A lot can be said about how we hold ourselves throughout our lives, I know I personally admire others who hold themselves well and walk tall (not literally, this is not a post to discriminate against a persons height!). But our posture is something that we can control and when we are walking tall, I know personally that I feel good, self assured and confident. I also know that by holding my body well and keeping my posture strong I am helping to keep my body healthy.
When our body is aligned, our blood flows smoothly throughout our body, this not only helps our circulation, but it also ensures our muscles can easily receive the fuel they needs to function. Because our blood is flowing well we also feel less sluggish! Our joints are also better positioned to move in the way they are supposed to – thus helping to decrease jarring, joint pain. Most importantly though, by maintaining positive posture during exercise, and also whilst performing our daily everyday tasks (sitting, walking) we can prevent dreaded injuries.
Here are some really easy tips to help maintain a positive posture:
1) Aim to stand with feet shoulder width or hip width apart
2) Keep knees soft – avoid locking them back
3) Keep your pelvis in a neutral position – you want to have a nice neutral curve in your back, not overly curved and not flat. You might need to tuck your bottom under to achieve a neutral spine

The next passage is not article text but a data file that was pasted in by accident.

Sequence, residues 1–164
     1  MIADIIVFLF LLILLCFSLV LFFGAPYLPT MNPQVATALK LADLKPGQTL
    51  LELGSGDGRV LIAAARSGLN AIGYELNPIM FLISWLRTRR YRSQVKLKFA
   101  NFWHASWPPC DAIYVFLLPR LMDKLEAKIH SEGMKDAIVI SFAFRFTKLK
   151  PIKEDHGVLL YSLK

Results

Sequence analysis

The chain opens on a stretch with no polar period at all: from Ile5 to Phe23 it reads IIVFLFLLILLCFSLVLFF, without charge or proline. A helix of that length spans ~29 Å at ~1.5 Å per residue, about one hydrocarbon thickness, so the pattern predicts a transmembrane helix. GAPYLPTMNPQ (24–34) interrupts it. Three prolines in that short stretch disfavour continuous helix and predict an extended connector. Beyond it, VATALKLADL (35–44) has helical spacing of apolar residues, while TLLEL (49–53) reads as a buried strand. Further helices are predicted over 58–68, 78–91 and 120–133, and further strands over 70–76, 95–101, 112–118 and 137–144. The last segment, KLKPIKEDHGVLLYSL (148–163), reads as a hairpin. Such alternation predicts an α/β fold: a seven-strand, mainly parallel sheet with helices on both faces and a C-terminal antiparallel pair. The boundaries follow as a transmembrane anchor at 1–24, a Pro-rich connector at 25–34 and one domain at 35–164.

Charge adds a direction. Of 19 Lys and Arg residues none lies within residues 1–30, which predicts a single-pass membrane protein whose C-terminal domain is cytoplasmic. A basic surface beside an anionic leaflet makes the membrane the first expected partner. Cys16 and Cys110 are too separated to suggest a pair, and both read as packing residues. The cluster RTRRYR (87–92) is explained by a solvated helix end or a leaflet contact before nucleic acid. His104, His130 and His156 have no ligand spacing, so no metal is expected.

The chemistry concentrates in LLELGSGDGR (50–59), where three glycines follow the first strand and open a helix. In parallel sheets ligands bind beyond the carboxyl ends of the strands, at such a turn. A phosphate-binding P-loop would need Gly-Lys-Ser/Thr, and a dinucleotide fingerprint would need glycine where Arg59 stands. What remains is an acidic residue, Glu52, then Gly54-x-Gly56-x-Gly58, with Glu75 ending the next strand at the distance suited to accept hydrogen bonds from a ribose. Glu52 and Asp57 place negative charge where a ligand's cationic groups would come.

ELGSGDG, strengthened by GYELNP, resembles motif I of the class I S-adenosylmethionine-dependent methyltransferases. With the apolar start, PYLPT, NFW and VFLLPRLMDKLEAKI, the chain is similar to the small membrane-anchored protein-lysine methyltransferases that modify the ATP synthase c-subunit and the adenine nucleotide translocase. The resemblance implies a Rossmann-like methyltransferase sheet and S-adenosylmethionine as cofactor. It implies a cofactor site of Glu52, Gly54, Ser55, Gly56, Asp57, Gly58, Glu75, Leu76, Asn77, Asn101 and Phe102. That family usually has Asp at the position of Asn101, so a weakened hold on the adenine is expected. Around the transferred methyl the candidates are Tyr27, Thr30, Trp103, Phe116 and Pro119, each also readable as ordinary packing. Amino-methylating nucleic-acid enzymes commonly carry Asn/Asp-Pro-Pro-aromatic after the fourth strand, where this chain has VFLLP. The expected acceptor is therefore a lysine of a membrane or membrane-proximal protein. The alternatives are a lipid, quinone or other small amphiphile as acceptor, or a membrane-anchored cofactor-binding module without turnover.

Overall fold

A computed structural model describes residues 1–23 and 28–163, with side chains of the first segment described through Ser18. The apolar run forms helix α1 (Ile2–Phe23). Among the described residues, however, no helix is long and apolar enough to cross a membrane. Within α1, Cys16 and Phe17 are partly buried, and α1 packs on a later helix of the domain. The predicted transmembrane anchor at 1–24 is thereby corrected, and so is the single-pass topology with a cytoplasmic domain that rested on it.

4) Aim to hold your shoulders gently back and down – don’t overly squeeze your shoulder blades together or lift your shoulders to your ears. You want your shoulders to fall back and down!
5) Imagine someone is pulling you up through the middle of your head – lengthening your spine
6) Avoid overly poking your chin, so a slight tuck will help to keep our head in a great neutral position!
1) Same as above
2) Avoid crossing your legs or feet, try to keep your knees, hips and ankles in alignment
3) Try to sit with your bottom comfortably on the chair – your spine should be stacked neatly on top of your pelvis
4-6) The same as above
There are lot of people banging on about the ‘core’ – well they are definitely onto something. By being aware of our core and engaging the muscles (the main ones are transverse abdominus, multifidis, diaphragm and pelvic floor) as we move and sit we will also help to avoid injuries – in particular those that occur in our back.
To engage the core just imagine that someone is pulling your belly button towards your spine from behind (avoid squeezing your glutes). It’s great if you can activate your pelvic floor also (sorry for the toilet talk but it’s the best way to explain it – just imagine you holding onto a #1 & #2!)
Our core muscles are endurance muscles so the more you engage them the stronger they will be and you’ll be amazed at how great you will feel.